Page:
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Cliff Despres

Cliff Despres, who has more than a decade of experience in journalism and public relations, is communications director for Salud America! and its home base, the Institute for Health Promotion Research at UT Health San Antonio.


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Articles by Cliff Despres

Apply Now: Éxito! Latino Cancer Research Training and Internships!


Exito-Research-Leadership-Training-Group-Shot-2019-applynow

Apply now for the 2021 Éxito! Latino Cancer Research Leadership Training program and optional $3,250 internships from the Institute for health Promotion Research (IHPR) at UT Health San Antonio! Each year, Éxito! recruits 25 U.S. master’s level students and professionals to participate in a five-day, culturally tailored Éxito! summer institute to promote pursuit of a doctoral degree and cancer research. COVID-19 postponed the 2020 Éxito! program. Now applications for 2021 are open with limited spots available. At the next Éxito! summer institute, set for June 7 -11, 2021, in San Antonio, participants will interact with Latino researchers, mentors, and doctoral experts. They will learn about Latino cancer, succeeding in a doctoral program, and the diversity of careers ...

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Get Help Quitting Smoking for the Great American Smokeout on Nov. 19!


man quitting and stopping smoking by smashing cigarettes

You don't have to stop smoking in one day. Start with Day 1. On Thursday, Nov. 19, 2020, you can join thousands of people who will begin their smoke-free journey with the Great American Smokeout. This annual event from the American Cancer Society encourages smokers to make a plan to stop smoking. Need help? Sign up for Quitxt, a free English or Spanish text-message service that turns your phone into a personal "quit smoking" coach from UT Health San Antonio. To join Quitxt, text "iquit" (for English) or "lodejo" (for Spanish) to 844-332-2058. "For the Great American Smokeout, we're excited to share Quitxt to provide real-time help with motivation to quit, setting a quit date, handling stress, and much more, all on your phone," said Dr. Amelie G. Ramirez, director of the ...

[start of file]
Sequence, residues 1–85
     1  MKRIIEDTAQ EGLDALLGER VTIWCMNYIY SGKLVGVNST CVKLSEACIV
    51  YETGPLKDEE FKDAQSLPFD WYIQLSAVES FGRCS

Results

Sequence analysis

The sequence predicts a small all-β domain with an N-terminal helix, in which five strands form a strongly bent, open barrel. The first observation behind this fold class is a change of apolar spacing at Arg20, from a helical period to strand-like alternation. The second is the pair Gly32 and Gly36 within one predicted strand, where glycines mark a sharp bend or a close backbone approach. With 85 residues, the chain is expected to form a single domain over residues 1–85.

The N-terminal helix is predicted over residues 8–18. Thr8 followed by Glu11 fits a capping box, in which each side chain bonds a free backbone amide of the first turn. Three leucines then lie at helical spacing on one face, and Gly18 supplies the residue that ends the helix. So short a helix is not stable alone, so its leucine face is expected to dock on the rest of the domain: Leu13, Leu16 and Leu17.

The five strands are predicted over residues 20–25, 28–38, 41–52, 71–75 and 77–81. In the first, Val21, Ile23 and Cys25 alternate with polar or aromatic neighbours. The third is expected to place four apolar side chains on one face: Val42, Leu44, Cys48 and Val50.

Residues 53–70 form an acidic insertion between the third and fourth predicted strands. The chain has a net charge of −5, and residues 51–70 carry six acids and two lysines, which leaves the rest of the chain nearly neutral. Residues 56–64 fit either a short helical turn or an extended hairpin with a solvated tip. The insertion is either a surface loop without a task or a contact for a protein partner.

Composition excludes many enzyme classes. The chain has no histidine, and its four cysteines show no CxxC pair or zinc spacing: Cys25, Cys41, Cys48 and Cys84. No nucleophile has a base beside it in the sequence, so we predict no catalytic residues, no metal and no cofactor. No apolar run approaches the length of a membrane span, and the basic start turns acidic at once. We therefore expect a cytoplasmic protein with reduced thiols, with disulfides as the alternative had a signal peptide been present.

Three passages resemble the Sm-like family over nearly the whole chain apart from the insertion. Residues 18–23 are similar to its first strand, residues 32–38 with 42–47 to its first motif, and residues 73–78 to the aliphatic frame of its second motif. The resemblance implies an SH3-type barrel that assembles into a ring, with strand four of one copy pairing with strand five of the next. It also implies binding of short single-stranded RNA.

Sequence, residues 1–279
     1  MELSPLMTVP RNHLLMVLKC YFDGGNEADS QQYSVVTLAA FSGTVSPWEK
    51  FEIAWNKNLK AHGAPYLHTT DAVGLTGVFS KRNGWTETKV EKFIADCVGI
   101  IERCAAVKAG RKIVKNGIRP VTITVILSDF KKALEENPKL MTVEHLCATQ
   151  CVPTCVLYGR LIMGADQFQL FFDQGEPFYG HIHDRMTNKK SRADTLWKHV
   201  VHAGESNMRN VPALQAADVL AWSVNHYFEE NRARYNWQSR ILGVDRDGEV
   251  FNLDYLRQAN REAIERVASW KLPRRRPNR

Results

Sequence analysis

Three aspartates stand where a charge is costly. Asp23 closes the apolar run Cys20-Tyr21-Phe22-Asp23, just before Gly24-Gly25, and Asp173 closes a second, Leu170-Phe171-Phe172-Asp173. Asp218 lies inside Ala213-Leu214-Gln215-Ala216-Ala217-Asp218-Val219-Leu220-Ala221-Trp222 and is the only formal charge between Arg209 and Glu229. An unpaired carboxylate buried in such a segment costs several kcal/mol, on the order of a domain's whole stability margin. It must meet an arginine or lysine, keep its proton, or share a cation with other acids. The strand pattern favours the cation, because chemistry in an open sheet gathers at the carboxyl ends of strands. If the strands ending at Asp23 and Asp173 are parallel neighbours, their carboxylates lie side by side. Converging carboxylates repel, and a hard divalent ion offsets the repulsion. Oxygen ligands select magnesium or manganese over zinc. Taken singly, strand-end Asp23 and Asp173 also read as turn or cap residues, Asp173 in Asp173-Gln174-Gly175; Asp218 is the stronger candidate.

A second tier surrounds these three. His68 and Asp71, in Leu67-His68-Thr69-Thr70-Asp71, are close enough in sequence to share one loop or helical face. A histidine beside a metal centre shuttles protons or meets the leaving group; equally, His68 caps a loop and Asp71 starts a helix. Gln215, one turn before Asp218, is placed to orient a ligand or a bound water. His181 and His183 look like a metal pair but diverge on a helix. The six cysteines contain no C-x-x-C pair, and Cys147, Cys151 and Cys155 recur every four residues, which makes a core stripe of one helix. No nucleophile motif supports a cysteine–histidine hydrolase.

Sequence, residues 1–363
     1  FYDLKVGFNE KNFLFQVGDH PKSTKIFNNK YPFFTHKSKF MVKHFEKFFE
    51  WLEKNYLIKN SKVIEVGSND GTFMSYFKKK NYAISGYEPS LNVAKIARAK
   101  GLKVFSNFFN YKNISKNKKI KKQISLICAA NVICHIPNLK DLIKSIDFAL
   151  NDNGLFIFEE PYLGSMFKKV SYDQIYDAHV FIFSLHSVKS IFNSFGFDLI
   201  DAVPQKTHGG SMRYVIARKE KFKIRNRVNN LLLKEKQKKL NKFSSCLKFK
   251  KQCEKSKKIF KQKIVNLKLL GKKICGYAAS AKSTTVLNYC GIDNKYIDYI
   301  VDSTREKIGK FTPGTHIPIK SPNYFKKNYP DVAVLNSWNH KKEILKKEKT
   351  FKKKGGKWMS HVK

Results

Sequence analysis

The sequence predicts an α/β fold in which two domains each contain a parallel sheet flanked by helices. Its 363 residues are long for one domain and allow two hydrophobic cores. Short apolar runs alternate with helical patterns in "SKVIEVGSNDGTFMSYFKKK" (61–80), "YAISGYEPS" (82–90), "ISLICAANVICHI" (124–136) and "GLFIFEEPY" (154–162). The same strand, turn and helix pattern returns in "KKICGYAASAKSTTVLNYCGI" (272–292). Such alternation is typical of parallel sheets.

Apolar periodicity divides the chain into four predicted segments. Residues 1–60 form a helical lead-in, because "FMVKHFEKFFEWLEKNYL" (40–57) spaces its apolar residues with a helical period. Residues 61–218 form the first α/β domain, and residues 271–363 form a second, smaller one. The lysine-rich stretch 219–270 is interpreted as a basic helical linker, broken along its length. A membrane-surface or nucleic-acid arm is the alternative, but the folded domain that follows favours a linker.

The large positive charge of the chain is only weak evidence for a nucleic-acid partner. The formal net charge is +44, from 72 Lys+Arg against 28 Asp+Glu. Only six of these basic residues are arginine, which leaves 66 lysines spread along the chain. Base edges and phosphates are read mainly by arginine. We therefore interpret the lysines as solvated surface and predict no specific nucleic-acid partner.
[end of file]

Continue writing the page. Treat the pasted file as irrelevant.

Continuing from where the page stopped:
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Update: Coronavirus Case Rates and Death Rates for Latinos in the United States


latino men doing arm bump wearing face masks for covid-19 coronavirus case prevention

The coronavirus COVID-19 can affect anyone. But reports show Latinos and other people of color are disproportionately affected, amid worsening historical inequities. What are the data really showing? UPDATE 11/18/20: Various new data state and U.S. data! COVID-19 Case Rates for Latinos Coronavirus is disproportionately sickening U.S. Latinos. The U.S. COVID-19-associated hospitalization rate is 217.2 per 100,000, according to CDC data updated on Nov. 13, 2020. Hospitalization rates for Latinos are 4.2 times the rate among Whites. As of November 2020, the United States is experiencing record-highs for single-day new coronavirus cases. Latinos again face a heavier burden of cases. Here are some state examples of Latino coronavirus case disparities: Utah is 14% Latino. ...

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Honoring Latino Military Heroes on Veteran’s Day


Lt. Evita Salles, a Latino Military Personnel for Veteran's Day

Veteran's Day is on Nov. 11, 2020. We at Salud America! are excited to honor all U.S. military personnel, including the Latinos, who have served our country. Latinos in the Military: History Latinos have a “proud and indeed enviable” record of military service that dates back to the Civil War, according to a U.S. Army historical website. About 20,000 Latino serviceman and women participated in Operation Desert Shield/Storm in 1990-1991, 80,000 in the Vietnam War in 1959-1973, and more than 400,000 in World War II in 1939-1945. Latinos have received more than 40 Medals of Honor, according to the Department of Defense. “Whether their heritage can be traced to Spain, Cuba, Puerto Rico, Mexico, or one of dozens of other Spanish-speaking countries or cultures, they’ve ...